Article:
Of all the great acts introduced during the era of punk and new wave back in the late 1970s, one of the few to not only survive but advance out of the scene was Elvis Costello.
The singer did that by successfully transitioning his music to a broader and more traditional pop and other genres in a career than now has spanned 40 years.
One of the most important of Costello's transitional albums was 1982's Imperial Bedroom, to which Costello paid tribute Sunday in a show at Sands Bethlehem Event Center that returned him to his band The Imposters, with pianist Steve Nieve and drummer Pete Thomas, who backed him on the disc.
Still the iconoclast, Costello didn't follow the recent trend of artists honoring albums by playing them sequentially. He didn't even play all of the disc's 15 songs – skipping two, including one of its best known, "Almost Blue." And he played almost as many non-album cuts as those from the disc in a 25-song set that lasted just a couple of minutes short of two hours.
Rather, Costello used it to show how his music progressed. He opened the show with a cut from the disc's "bonus tracks" and perhaps one of its more punkishly sardonic, "The Town Where Time Stood Still."
Wearing a red hat (which he shed for most of the show) and dressed in a sports coat, the 62-year-old Costello then led his three-man band and two backup singers into the more new-wave-pop song "The Loved Ones" before breaking away from the disc to play a more reserved version of his hit "Accidents Will Happen."
He explained the diversion to the crowd, a couple hundred seats short of a sellout, by saying, "We've been wanting to play the album for you," Costello told the "We never had the discipline before. We don't now, either."
That was followed by the also punky, forceful "You Little Fool," his voice wailing and his head shaking.
But as the show progressed, Costello's playing most of the songs from Imperial Bedroom also showed the things that let Costello advance and change sometimes came at the cost of some of what made him so great in the first place: unbridled energy and sneering confidence.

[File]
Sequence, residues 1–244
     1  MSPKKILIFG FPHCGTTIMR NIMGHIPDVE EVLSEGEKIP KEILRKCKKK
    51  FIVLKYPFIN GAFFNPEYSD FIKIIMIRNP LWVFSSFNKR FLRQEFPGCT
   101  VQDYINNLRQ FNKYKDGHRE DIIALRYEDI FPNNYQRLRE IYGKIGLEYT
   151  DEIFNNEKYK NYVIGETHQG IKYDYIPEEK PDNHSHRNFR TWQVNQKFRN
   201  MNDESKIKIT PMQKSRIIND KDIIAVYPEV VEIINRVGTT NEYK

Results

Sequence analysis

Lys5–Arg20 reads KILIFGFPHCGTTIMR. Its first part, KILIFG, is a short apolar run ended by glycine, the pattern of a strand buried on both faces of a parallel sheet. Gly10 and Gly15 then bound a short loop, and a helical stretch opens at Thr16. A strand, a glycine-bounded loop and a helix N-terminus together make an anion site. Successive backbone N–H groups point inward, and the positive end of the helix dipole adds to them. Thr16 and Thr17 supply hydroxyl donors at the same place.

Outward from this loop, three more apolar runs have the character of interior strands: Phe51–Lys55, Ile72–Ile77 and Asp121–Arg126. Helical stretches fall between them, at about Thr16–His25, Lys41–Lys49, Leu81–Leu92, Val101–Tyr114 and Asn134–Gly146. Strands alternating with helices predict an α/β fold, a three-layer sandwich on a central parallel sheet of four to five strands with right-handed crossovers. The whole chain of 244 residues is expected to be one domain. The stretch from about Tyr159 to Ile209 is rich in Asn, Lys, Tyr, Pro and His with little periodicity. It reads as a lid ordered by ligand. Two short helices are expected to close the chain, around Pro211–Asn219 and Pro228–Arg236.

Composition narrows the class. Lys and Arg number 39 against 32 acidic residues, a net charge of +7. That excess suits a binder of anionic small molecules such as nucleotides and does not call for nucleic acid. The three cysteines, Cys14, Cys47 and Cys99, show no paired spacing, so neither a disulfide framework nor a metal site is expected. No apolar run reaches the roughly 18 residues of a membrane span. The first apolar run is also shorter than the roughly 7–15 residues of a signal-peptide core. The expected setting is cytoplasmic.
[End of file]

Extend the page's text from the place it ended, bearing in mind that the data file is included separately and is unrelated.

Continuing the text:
He broadened his base by sometimes softening his best attributes.
"We used the music to push it father away," he said in regards to emotions before a slow, dirge-like "Tears Before Bedtime." "Now we're going to pull it closer."
But most of the songs from Imperial Bedroom were middling and middle-of-the-road. Costello performed them well and even played a good mid-song guitar solo on the classic pop offering "Shabby Doll." But too many songs, such as "Human Hands" and "Kid About It" came off flat.
It was especially noticeable when some of those songs would bump up against the other hits from his career that he included in the set: A stark version of "Allison" performed with just his guitar and backup singers. It got the night's biggest hand.
Another early favorite, "Watching the Detectives," was strong, but Costello played the entire song on a darkened stage as images of pulp fiction flashed on a big screen – making the audience feel as if it was listening to recorded music. What was the purpose of that?
One big exception was the Imperial Bedroom song "Pidgin English," which was far more dynamic and Costello far more animated on it, offering extended, good lead guitar.
Some of the non-Imperial Bedroom songs he included also were latter-day recordings in the same middle-of-the-road vein. "You'll Never Be a Man," a 1981 song that foreshadowed Costello's shift in sound, was uninspiring.
An almost classical, voice-and-piano version of his 1980 song "Shot With His Own Gun" and "This House is Empty Now," his 1999 collaboration with Burt Bacharach, both were musically solid ‘70s radio pop, but neither rose above that.
The end of the set was stronger. "… And in Every Home" was more fully realized instrumentally, and "Man Out of Time" was better both musically and vocally – showing that The Imposters could, indeed, still rock, and he sang with more vigor.
The main set closed with "Everyday I Write the Book," which stretched to eight minutes with band introductions, and it was funkier than the whole rest of the set.
With the show's focus, perhaps it was understandable for Costello to forego early favorites such as "Less Than Zero," "(The Angels Wanna Wear My) Red Shoes" and "Radio Radio." But if he wanted to demonstrate the evolution of his music, there would have been no better example than 1989's "Veronica," his only No. 1 hit in the United States. But it was left unplayed.
Ironically, the encore was two songs from 1978 – the delightfully punky and energetic "Pump It Up," right into "(What's So Funny ‘Bout) Peace, Love and Understanding" – that not only were very good, but were received the best by the crowd, which rushed the stage.
It was as if Costello knew that was him at his best – and it was.